For the last two years my job has been to work out how to transport rocket engines, gigantic spacecraft and 150 other incredible artefacts from Moscow to London and into the Cosmonauts exhibition.
We are borrowing artefacts of all shapes and sizes – from small pencil drawings of early twentieth century rocket designs to Vostok 6, the full-size spacecraft that transported the first women into space in 1963 – from museums, private individuals and even the Russian Space Agency.
We began the logistical planning for the exhibition two years ago, visiting Moscow many times to inspect the artefacts and meet with our partners and transport agent. In May 2015, all the years of planning were finally put into action.
The first stage was to get all the large spacecraft from Moscow and into the Museum so that the exhibition could be built around them. As they are too big to fit inside any aircraft that regularly fly from Moscow to London, we transported the spacecraft in 20m long, 4 tonne trucks from Moscow to Helsinki and then by ferry to the UK.
The epic journey took a week from start to finish, and I had the pleasure of accompanying the spacecraft on their journey.
After clearing customs in Moscow, we were joined for the 1000km, two days journey to the Russian-Finnish border by an armed security escort. At the border we joined a long queue of lorries.
Our export licences were checked and stamped by customs officials, the trucks were weighed, X-rayed and sealed, and we passed through passport control. This can take up to twenty four hours, but thankfully we crossed into Finland within six.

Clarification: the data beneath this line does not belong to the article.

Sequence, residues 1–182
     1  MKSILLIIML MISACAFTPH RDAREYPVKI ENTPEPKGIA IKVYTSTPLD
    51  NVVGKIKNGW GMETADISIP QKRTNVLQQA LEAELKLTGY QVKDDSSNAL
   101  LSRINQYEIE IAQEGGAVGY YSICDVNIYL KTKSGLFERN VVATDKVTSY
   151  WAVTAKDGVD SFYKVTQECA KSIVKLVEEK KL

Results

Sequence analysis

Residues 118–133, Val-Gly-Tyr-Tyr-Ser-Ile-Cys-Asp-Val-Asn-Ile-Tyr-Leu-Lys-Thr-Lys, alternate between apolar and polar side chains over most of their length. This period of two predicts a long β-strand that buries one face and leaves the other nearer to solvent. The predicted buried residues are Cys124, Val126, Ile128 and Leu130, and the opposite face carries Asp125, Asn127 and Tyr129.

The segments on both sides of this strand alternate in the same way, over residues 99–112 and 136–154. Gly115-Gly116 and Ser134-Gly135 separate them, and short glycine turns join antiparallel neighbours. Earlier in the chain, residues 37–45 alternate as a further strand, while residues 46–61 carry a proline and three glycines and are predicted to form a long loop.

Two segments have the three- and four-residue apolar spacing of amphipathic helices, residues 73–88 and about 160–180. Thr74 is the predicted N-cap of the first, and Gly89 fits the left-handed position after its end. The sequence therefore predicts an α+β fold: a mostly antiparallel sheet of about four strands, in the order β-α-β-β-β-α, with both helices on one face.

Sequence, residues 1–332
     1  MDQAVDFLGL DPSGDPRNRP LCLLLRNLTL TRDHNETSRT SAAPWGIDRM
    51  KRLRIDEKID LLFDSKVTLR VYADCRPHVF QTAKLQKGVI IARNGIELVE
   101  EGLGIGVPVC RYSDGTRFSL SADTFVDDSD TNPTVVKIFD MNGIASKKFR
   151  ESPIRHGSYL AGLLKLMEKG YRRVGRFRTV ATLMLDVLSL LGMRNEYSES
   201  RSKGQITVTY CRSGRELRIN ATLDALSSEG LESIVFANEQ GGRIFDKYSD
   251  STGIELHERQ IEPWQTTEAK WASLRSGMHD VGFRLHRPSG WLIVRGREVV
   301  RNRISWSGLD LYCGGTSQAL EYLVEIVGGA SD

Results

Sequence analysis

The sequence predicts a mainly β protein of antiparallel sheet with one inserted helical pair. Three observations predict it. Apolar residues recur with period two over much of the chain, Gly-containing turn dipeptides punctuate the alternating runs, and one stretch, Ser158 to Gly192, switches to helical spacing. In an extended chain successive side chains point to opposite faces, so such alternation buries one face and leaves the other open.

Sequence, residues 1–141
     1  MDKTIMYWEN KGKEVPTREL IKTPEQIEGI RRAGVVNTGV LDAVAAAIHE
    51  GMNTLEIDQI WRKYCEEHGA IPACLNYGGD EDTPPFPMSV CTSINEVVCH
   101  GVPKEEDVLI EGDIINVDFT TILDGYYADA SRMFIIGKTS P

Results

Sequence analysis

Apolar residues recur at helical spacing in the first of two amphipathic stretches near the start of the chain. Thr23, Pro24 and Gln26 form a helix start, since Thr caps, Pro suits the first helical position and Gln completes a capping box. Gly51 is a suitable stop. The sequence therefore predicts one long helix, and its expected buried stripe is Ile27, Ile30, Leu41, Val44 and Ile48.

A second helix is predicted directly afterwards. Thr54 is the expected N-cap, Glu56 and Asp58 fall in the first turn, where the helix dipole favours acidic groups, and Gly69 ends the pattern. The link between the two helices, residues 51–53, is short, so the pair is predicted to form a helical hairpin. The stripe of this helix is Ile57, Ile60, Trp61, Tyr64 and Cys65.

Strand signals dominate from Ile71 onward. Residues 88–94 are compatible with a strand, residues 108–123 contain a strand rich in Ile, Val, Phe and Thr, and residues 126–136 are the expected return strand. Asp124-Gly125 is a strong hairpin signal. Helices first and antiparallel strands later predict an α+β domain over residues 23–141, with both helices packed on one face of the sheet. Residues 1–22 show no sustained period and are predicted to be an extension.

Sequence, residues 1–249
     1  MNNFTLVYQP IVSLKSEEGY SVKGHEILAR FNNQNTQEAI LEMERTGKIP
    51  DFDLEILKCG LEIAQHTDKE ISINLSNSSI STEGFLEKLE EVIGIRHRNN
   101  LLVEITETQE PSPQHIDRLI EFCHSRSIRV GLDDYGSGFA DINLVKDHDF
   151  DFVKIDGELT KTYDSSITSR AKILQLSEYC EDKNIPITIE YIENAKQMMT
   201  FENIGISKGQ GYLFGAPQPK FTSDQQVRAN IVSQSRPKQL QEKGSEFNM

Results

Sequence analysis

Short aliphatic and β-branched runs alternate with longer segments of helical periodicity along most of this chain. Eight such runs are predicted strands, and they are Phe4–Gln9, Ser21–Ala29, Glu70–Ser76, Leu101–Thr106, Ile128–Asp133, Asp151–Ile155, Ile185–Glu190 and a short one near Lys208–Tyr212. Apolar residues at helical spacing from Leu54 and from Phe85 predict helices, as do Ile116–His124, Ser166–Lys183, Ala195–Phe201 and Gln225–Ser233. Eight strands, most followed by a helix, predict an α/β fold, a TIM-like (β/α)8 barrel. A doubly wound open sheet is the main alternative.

At Helsinki, the trucks boarded a ferry and set sail for the four-day crossing to the UK. Four days later we docked at Immingham, cleared customs and then drove down to London.
The next challenge was unloading the spacecraft at the Museum. Due to their sheer size and weight, we used cranes to lift the spacecraft off the trucks, but even just moving the spacecraft through the Museum was no mean feat.
Long before the spacecraft left Moscow we did a practice run with a giant beach ball, which had the same dimensions as the Vostok 6 spacecraft, to see which display cases and furniture would have to be moved along the route.
Then finally the spacecraft had to be hoisted up to the first floor of the Museum and moved into the gallery.
One of the star spacecraft in Cosmonauts (and that is saying something) is the extraordinary LK-3 Luna Lander. This is a 3 tonne, 5m tall training model of the spacecraft that would have landed a single cosmonaut on the moon.
Due to its ginormous size, the Lander had to first be dismantled at the Moscow Aviation Institute in order to be transported to London. In fact, this is the longest journey the Lander has ever taken.
At the beginning we didn’t think the Lander would fit into the Museum, but thankfully the Lander can be dismantled into sections: a top, middle, bottom and four legs, or in more technical words, the docking port, cabin, engine and four landing pads.
A week later, and inside the Science Museum, we reassembled the Luna Lander. Returning it to its full glory took four days, using hoists, gantries, lifting beams and the expertise of an external rigging company and Russian engineers.
It was a real international effort to get the Lander ready for public display in the UK and it is now in pride of place in the Cosmonauts exhibition… but to see it you’ll have to wait until the exhibition opens.
Cosmonauts: Birth of the Space Age is open from 18 September 2015 – 13 March 2016. The exhibition is supported by BP and has additional support from ART RUSSE (Major Funder) and the Blavatnik Family Foundation.